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  index hints'n'tips using 126 film
u s i n g   i n s t a m a t i c   1 2 6   f o r m a t   f i l m
Reloading the Instamatic 126 Cartridge

These are some thoughts on the above, prompted by a couple of eMails on the subject.

These outlined procedures assume a working knowledge of handling roll-film in a darkroom situation and that you'll almost certainly be processing the film yourself. It is also assumed that, at least by careful examination of an existing loaded cartridge, you are aware of how the film is loaded into the cartridge. One might also reasonably assume that anyone keen enough to want to continue using an Instamatic camera has a reasonably sophisticated instrument, which, by definition, probably has the capability of sensing the film speed from the notch on the cartridge. Consideration may therefore be given to either the choice of film-speed to be loaded or the modification of the notch to match the chosen emulsion. This will obviously have to be within the original film-speed capability specifications of the camera in question. Unfortunately I have insufficient different speed 126 cartridges to be able to ascertain what parameters pertain to this notch. Maybe someone somewhere has this information and is willing to share it, or perhaps modify a cartridge or two and compare meter readings to confirm the dimensions.

126 instamatic cartridge
126 Film Speed Sensing
First a quick overview of how the speed sensing system works.

On the 126 film cartridge the film speed can be sensed, by a camera suitably equipped, from a notch in the upper front edge of the cartridge. This notch varies in position for different film speeds. The sensor is in the groove above the film gate on most cameras (where the film runs from left to right). I believe some (non-Kodak) cameras operate "in reverse", in which case any film sensor would be under the film gate. More sophisticated cameras, such as the Kodak Instamatic 500, 700 range, 800 range and X-90, are able to sense a range of speeds, as the sensor runs from right to left as the back of the camera closes, (25-800ASA is mentioned in the Instamatic 804 handbook), less complex cameras simply have a "low speed -- high speed" sensor, nominally 160ASA when depressed, 64ASA when out, as indeed the Instamatic Reflex has, not to be confused with the frame indexing pin, as shown in the lower picture.

Worth a try?
So, is it possible? Theoretically ... yes...
    .... however, in practice, unless you're really keen, probably not  :o(

The stumbling block is the single index hole every frame that all Instamatic cameras require, at least to "know" when to stop winding and often to re-initialise the shutter as well.

Requirements:
  1. A supply of cartridges, obviously, carefully opened to remove the existing, presumably exposed, but possibly extremely outdated film. It is usually possible to split the cartridge along the original seam at the take-up spool end so it can be pried apart sufficiently to remove the spool, with existing film, without actually breaking the plastic. There is no supply spool in the 126 cartridge, the un-exposed film simply lying coiled in the supply chamber. The cartridges will need to be re-sealed, once reloaded, for light-proofing, probably using appropriate tape, as re-glueing them will limit their re-useability.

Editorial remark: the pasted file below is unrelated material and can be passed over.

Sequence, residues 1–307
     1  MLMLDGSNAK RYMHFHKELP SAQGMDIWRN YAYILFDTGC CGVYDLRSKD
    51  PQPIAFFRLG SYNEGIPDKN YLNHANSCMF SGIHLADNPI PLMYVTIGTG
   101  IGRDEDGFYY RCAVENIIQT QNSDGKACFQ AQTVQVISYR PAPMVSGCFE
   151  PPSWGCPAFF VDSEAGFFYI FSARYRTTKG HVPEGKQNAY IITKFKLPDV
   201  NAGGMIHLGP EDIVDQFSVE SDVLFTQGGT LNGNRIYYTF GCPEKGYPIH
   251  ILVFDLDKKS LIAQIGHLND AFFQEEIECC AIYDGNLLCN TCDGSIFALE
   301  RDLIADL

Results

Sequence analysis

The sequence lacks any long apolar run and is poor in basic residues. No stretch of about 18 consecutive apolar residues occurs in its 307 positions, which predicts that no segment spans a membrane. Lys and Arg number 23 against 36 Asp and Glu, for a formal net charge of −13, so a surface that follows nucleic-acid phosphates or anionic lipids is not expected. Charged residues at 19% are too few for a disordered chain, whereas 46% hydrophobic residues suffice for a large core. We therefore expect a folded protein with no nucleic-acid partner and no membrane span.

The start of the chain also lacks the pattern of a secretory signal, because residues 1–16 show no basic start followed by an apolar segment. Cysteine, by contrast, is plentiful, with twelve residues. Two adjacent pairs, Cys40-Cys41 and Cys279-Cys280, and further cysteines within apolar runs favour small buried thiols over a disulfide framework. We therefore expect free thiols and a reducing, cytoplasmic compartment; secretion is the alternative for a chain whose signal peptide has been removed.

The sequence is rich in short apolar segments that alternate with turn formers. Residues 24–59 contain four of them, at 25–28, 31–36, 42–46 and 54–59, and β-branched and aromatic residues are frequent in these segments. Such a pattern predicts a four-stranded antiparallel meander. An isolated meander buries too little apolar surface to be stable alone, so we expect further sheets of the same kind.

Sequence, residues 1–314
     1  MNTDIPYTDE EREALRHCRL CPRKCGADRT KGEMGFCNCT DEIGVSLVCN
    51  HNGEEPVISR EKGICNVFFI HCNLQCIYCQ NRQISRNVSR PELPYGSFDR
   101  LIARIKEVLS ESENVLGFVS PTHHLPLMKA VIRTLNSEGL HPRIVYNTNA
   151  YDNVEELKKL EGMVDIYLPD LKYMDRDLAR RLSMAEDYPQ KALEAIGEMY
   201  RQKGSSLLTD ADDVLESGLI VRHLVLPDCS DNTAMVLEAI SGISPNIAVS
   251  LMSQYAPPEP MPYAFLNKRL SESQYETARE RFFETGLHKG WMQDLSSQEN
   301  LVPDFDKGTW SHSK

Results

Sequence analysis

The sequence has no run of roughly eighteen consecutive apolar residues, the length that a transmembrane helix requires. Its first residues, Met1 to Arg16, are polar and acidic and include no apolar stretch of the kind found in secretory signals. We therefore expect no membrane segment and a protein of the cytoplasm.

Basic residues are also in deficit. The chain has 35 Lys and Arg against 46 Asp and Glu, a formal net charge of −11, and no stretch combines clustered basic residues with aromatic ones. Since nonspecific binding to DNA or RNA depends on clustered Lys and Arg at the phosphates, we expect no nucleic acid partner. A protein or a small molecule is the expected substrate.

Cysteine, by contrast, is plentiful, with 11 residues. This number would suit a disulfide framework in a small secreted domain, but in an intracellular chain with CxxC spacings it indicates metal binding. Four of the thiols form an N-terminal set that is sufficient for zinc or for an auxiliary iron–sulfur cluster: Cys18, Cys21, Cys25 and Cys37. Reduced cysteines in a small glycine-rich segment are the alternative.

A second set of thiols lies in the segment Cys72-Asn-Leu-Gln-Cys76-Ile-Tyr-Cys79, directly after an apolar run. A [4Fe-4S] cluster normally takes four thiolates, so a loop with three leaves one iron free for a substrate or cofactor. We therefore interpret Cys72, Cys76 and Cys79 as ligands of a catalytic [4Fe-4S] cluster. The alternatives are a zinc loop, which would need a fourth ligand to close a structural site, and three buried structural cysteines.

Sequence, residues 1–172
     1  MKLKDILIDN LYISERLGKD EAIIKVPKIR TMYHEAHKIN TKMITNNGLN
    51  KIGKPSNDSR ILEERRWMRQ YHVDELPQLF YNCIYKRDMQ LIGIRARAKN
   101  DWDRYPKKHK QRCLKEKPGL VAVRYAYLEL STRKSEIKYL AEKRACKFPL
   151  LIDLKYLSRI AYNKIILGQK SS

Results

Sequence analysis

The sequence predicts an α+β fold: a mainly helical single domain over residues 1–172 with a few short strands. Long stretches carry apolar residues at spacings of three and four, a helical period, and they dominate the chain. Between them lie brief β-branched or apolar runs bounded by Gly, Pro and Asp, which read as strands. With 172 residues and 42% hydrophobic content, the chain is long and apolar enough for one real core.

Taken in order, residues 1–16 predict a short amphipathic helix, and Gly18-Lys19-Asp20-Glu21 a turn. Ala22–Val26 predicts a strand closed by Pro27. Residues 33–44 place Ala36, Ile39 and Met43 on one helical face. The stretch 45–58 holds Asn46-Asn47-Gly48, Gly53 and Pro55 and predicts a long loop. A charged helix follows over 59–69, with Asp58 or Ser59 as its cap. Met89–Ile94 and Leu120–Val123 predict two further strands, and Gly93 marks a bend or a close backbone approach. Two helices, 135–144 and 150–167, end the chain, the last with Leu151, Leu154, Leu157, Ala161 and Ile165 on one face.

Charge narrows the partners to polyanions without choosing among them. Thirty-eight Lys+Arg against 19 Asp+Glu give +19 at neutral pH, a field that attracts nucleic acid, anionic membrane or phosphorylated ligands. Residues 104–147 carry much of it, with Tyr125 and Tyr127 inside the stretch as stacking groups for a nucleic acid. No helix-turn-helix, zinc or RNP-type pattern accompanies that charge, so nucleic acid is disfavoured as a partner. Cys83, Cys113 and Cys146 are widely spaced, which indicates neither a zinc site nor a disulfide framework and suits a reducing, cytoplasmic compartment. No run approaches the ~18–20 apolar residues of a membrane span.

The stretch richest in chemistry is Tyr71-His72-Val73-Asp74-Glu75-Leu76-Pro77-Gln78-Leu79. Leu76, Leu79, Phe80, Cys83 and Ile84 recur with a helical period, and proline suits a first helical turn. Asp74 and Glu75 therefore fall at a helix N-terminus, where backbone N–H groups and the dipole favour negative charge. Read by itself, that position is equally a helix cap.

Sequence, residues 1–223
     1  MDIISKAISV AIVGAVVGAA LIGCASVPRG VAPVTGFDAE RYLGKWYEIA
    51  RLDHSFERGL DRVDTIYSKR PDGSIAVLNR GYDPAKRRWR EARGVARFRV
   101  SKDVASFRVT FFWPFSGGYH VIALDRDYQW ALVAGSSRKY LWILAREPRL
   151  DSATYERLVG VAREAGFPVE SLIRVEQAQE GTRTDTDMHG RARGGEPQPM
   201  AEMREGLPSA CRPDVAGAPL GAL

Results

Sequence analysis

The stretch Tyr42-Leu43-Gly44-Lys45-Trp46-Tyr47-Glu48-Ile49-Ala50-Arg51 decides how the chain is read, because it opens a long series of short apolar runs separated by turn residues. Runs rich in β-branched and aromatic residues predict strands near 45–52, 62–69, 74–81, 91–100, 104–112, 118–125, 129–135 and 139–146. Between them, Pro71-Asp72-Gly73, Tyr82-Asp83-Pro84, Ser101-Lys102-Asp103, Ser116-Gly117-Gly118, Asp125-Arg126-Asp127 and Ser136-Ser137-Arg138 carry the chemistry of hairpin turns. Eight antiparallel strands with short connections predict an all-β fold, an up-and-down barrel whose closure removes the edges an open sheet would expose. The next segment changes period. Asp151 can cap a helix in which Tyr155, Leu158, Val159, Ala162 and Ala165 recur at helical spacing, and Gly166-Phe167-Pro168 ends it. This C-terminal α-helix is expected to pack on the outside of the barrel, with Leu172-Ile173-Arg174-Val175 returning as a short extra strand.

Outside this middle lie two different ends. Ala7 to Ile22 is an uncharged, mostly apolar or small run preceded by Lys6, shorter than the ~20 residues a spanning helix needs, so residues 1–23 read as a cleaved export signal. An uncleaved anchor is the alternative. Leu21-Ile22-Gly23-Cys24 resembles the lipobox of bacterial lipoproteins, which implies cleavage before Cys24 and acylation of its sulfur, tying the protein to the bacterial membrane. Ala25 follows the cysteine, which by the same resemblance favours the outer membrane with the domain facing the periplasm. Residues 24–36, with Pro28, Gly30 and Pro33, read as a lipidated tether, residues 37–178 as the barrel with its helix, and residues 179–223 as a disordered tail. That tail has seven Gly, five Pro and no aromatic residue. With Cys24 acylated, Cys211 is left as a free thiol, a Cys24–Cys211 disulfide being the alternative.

126 instamatic cartridge
  2. A supply of suitably numbered and perforated backing paper. This may (should?) have been recovered in step 1 when the original film was processed, but can only probably be re-used a limited number of times, as the repeated attachment of adhesive tape for the purposes of fastening the film will eventually damage it beyond use.
    126 instamatic cartridge
  3. A supply of suitably perforated 35mm wide film. Unfortunately "normal" 35mm film is not suitable for the purpose, as the sprocket holes don't line up symmetrically with the original perforations on 126 film. Also, the sprocket holes on the opposite edge will intrude completely into the frame of a 126 negative. So, film will probably have to be cut from larger stock, such as 120, (see my page Modifying 120 Film for 828 Cameras for ideas). Ensure that the original edge of the film becomes the perforated edge in the 126 cartridge, so the edge markings don't intrude on your images. At this point you have two basic options ... either remove the film from it's backing paper, cut it to length and attach it to the 126 backing paper, then perforate it, using the 126 backing paper as a template ... or leave the film attached to the original backing paper, again cut it to length, re-numerate it if required and perforate to suit. A third option may be to remove the film from the backing paper and store this in a light-proof place, then perforate and enumerate the backing paper in the light. Back in the dark, the film could be then re-attached and perforated using the pre-punched backing paper as a template. Bear in mind that all this film handling is conducted in total darkness!